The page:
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Game Theory and Math Modeling Preparing Women for Math Modeling Marie Vanisko Montana Learning Center, 15 June 2010

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Game Theory The Mathematics of Competition The players (two or more) can be people, organizations, or even countries. They choose from a list of available options called strategies. The strategies chosen by the players lead to outcomes with different preferences. Game theory analyzes the rational choice of strategies in order to achieve the desired outcome(s).

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Primary Reference: For All Practical Purposes Mathematical Literacy in Today's World Seventh Edition COMAP, Inc. (The Consortium for Mathematics and its Applications) (cloth) (paper) © 2006 by Freeman p7e/ p7e/

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Early History of Game Theory John von Neumann In game theory von Neumann proved the minimax theorem. He gradually expanded his work in game theory, and with co-author Morgenstern, he wrote the classic text Theory of Games and Economic Behaviour (1944).

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Two-Person Total-Conflict Games Total conflict games, often called zero- sum games, are ones in which one person’s gain is another person’s loss. Games with pure strategies have a clear “best” strategy for each player In some games, using the same strategy all the time is not good, so a system of mixed strategies with associated probabilities is used.

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A Location Game with Pure Strategies Henry and Lisa plan to locate a new restaurant. Henry prefers a high elevation, while Lisa prefers locating at a low elevation. They have agreed to locate at the intersection of a highway and a route. Henry will select a route and simultaneously, Lisa will select a highway. Elevations are given → Hts. 000’s ft Hiwy 1 Hiwy 2 Hiwy 3 Rte Rte Rte 323 7

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Henry selects a row, Lisa a column Hts. 000’s ft Hiwy 1 Hiwy 2 Hiwy 3 Rte Rte Rte Suppose Henry selects whichever row has the highest minimum ht. (maximin strategy) Suppose Lisa selects the column with the lowest maximum ht. (minimax strategy) If row minimum and column maximum are the same, the result is the game’s value and called a saddlepoint.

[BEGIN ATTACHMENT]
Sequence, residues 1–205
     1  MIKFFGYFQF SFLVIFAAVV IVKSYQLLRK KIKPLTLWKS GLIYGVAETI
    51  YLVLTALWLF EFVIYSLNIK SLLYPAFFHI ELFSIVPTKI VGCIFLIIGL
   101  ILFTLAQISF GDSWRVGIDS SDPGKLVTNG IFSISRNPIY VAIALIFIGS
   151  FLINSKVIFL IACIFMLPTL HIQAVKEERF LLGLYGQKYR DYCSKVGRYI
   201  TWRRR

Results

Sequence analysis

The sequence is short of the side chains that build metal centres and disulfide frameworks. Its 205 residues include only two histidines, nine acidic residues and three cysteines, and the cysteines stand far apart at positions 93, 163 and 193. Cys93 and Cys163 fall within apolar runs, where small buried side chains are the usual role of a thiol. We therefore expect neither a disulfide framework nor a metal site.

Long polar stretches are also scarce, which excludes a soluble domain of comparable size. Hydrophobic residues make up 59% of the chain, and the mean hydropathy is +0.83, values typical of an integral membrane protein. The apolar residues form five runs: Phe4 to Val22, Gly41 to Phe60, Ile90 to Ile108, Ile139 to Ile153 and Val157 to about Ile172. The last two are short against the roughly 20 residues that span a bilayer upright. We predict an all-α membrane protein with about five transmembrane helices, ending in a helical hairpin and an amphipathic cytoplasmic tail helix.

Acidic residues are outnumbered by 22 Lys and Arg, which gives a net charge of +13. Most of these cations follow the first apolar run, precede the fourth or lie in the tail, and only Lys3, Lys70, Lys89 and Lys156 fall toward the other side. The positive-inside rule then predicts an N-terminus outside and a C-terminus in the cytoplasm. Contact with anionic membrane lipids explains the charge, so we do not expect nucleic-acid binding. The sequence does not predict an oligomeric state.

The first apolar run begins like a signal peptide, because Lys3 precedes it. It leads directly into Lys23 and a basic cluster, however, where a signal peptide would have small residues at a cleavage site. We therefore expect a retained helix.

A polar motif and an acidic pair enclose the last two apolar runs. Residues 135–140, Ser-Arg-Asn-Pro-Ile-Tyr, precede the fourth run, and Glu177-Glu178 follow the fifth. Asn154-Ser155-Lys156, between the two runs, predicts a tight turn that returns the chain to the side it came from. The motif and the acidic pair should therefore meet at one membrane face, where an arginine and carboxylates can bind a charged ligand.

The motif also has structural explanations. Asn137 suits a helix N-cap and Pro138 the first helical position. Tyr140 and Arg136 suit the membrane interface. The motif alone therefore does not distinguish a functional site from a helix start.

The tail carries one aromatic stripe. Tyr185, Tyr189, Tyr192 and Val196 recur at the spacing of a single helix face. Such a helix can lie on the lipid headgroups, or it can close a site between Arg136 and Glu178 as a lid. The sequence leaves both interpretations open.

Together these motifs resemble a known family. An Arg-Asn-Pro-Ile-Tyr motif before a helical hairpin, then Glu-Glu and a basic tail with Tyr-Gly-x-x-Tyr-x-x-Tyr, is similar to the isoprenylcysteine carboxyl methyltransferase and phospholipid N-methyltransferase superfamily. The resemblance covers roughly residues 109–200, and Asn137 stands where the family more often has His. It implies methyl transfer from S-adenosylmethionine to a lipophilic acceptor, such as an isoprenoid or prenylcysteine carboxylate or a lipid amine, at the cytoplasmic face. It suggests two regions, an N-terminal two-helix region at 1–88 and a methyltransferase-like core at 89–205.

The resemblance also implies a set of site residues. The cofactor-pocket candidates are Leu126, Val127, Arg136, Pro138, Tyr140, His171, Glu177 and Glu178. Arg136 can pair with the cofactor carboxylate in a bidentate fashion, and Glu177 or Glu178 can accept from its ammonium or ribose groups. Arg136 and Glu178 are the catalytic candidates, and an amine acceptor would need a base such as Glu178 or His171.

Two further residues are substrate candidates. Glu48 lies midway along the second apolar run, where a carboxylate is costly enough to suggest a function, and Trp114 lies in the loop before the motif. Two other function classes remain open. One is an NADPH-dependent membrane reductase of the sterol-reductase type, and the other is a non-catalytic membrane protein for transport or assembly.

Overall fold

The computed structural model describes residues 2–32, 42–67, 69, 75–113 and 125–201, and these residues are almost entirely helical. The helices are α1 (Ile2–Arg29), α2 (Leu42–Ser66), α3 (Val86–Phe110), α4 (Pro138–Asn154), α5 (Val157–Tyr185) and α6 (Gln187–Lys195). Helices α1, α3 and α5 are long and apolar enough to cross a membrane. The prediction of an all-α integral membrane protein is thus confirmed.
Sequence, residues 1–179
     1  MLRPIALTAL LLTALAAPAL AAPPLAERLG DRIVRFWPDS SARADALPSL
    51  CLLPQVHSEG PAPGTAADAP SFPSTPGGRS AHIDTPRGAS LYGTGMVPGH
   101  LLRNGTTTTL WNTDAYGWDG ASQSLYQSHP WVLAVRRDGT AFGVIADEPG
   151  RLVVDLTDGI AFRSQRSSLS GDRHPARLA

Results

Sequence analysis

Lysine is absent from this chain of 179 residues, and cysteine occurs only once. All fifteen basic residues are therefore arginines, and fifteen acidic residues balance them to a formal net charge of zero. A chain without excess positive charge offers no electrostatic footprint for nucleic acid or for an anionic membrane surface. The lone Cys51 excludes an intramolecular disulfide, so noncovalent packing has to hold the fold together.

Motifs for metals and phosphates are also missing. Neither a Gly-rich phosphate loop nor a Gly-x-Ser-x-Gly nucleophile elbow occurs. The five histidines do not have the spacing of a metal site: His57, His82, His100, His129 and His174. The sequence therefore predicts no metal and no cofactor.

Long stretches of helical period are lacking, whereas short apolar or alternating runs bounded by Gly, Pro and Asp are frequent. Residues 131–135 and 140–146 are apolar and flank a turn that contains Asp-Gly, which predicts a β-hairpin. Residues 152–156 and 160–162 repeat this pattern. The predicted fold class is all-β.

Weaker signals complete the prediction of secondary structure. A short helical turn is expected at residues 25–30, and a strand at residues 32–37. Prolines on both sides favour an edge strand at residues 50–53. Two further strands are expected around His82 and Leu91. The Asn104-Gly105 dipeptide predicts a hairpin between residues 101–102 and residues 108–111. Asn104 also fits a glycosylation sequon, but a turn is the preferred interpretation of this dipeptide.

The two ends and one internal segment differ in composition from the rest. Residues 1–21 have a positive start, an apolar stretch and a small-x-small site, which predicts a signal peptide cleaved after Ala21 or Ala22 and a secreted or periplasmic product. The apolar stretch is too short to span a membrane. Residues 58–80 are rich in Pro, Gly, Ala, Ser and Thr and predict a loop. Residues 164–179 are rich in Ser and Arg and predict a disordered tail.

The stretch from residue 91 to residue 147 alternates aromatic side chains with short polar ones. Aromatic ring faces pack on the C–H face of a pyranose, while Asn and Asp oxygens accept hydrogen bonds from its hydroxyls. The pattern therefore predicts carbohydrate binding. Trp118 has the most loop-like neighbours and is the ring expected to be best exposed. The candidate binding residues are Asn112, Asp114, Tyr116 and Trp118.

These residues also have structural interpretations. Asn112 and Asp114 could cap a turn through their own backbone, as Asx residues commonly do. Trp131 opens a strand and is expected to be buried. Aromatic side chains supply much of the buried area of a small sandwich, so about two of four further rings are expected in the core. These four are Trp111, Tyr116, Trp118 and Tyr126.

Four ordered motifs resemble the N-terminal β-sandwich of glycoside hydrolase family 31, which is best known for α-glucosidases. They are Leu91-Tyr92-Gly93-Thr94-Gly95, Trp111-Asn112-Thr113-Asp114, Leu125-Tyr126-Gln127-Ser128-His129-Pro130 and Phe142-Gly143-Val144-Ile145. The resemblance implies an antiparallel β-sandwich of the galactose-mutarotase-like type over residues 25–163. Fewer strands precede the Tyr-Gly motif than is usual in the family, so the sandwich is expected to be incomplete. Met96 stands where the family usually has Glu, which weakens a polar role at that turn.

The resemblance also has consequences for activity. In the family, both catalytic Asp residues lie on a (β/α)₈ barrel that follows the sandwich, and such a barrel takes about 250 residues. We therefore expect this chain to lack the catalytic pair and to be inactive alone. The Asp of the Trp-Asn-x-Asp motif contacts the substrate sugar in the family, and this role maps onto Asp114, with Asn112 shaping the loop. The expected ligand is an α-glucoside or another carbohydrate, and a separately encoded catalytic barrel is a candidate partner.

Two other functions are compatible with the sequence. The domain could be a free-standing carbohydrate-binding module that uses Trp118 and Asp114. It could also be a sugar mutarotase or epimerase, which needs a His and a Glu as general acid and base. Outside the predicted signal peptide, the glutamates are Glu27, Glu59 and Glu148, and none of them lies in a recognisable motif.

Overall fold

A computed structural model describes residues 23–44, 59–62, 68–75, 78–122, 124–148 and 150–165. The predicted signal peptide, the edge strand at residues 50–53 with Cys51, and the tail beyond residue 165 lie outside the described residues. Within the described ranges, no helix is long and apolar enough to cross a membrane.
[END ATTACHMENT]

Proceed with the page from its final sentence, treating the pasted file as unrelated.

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A Practice Problem – Pure Strategy Charlie Brown will buy a toy for Snoopy. The costs are given. Charlie will select a row and simultaneously Snoopy will select a column. Is there a saddle point? Might Charlie use a different strategy? What if Snoopy selected a column and Charlie selected a row? Toy Cost Col. 1 Col. 2 Col. 3 Row 1372 Row Row 3 694

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Games Requiring Mixed Strategies In many sporting events, a team tries to surprise or mislead the opposition. A pitcher in baseball will vary the type of pitch he or she throws throughout the game to keep the batter off balance.

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Duel Between Pitcher and Batter Assume that the baseball pitcher can throw two types of pitches, either a blazing fast ball (F) or a slow curve ball (C) into the strike zone. The pitcher faces a batter who attempts to guess whether F or C will be thrown at each pitch. Assume the batter has the following batting averages, depending on what the pitcher does - Batter anticipates F: if pitch is F and if pitch is C - Batter anticipates C: if pitch is F and if pitch is C

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Enter the Linear Equations Let p be the probability that the pitcher will throw a fast (F) ball p: Batting average of Batting average of Batting average of Batting average of Batting average of Upper line is when batter anticipates C; lower line when batter anticipates F

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Equations of the Lines for Pitcher Line “batter expects curve” passes through (0, 0.5) and (1, 0.1): A = -0.4 p Line “batter expects fast” passes through (0, 0.2) and (1, 0.3): A = 0.1 p The point of intersection of these lines will be the maximin for the pitcher, p = 0.6, meaning that the pitcher should pitch fast balls 60% of the time, yielding a 0.26 average for the batter.